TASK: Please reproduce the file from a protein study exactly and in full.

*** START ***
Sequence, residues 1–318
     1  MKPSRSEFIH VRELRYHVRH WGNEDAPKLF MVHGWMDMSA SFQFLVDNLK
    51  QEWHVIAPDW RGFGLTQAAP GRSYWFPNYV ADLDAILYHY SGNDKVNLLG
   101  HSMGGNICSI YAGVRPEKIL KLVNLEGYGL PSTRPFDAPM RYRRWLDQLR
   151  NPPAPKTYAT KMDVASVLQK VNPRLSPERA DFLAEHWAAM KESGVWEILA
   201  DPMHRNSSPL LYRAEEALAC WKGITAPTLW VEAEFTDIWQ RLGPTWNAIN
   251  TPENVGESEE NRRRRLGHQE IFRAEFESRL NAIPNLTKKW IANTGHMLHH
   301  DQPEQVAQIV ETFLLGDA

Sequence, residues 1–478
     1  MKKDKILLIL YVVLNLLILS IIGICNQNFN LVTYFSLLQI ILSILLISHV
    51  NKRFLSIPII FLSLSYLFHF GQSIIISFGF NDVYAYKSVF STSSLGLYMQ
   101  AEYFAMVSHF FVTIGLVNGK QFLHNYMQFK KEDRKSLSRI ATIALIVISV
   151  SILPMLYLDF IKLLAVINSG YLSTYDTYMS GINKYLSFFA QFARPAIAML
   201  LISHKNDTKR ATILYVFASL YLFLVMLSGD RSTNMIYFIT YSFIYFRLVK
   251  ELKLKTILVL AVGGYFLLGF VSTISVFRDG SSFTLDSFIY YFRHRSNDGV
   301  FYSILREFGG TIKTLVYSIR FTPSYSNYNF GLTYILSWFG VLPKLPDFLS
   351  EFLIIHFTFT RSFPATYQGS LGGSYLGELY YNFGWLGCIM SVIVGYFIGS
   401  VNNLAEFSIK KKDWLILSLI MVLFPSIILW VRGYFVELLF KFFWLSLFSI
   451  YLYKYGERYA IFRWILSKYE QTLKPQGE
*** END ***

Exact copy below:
Sequence, residues 1–318
     1  MKPSRSEFIH VRELRYHVRH WGNEDAPKLF MVHGWMDMSA SFQFLVDNLK
    51  QEWHVIAPDW RGFGLTQAAP GRSYWFPNYV ADLDAILYHY SGNDKVNLLG
   101  HSMGGNICSI YAGVRPEKIL KLVNLEGYGL PSTRPFDAPM RYRRWLDQLR
   151  NPPAPKTYAT KMDVASVLQK VNPRLSPERA DFLAEHWAAM KESGVWEILA
   201  DPMHRNSSPL LYRAEEALAC WKGITAPTLW VEAEFTDIWQ RLGPTWNAIN
   251  TPENVGESEE NRRRRLGHQE IFRAEFESRL NAIPNLTKKW IANTGHMLHH
   301  DQPEQVAQIV ETFLLGDA

Sequence, residues 1–478
     1  MKKDKILLIL YVVLNLLILS IIGICNQNFN LVTYFSLLQI ILSILLISHV
    51  NKRFLSIPII FLSLSYLFHF GQSIIISFGF NDVYAYKSVF STSSLGLYMQ
   101  AEYFAMVSHF FVTIGLVNGK QFLHNYMQFK KEDRKSLSRI ATIALIVISV
   151  SILPMLYLDF IKLLAVINSG YLSTYDTYMS GINKYLSFFA QFARPAIAML
   201  LISHKNDTKR ATILYVFASL YLFLVMLSGD RSTNMIYFIT YSFIYFRLVK
   251  ELKLKTILVL AVGGYFLLGF VSTISVFRDG SSFTLDSFIY YFRHRSNDGV
   301  FYSILREFGG TIKTLVYSIR FTPSYSNYNF GLTYILSWFG VLPKLPDFLS
   351  EFLIIHFTFT RSFPATYQGS LGGSYLGELY YNFGWLGCIM SVIVGYFIGS
   401  VNNLAEFSIK KKDWLILSLI MVLFPSIILW VRGYFVELLF KFFWLSLFSI
   451  YLYKYGERYA IFRWILSKYE QTLKPQGE